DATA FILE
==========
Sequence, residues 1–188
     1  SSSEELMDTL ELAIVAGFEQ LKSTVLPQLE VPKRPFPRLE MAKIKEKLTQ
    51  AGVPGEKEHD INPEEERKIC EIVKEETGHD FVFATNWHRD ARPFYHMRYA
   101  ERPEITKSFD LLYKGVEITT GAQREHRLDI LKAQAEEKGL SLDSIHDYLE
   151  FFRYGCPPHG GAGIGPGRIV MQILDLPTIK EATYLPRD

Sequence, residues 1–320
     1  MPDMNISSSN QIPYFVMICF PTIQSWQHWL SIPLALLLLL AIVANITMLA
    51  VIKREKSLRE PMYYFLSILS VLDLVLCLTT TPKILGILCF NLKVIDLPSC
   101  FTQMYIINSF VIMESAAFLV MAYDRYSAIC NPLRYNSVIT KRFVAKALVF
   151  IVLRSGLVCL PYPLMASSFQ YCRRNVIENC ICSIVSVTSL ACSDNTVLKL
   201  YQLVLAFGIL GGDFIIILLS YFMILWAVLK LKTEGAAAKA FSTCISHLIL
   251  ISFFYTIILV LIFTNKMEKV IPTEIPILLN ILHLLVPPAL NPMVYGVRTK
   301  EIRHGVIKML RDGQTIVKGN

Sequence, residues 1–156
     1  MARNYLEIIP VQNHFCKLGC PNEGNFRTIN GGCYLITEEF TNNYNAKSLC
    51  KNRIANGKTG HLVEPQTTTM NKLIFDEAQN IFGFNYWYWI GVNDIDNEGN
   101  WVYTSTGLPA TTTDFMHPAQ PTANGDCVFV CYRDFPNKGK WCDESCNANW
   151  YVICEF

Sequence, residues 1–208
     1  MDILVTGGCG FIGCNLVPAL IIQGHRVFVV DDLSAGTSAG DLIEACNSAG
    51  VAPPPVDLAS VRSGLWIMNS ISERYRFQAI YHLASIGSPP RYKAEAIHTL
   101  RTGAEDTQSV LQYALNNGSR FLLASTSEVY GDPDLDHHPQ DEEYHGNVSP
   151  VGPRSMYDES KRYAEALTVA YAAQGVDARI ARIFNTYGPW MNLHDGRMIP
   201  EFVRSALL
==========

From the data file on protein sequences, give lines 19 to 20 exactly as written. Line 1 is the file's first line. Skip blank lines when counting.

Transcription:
Sequence, residues 1–208
     1  MDILVTGGCG FIGCNLVPAL IIQGHRVFVV DDLSAGTSAG DLIEACNSAG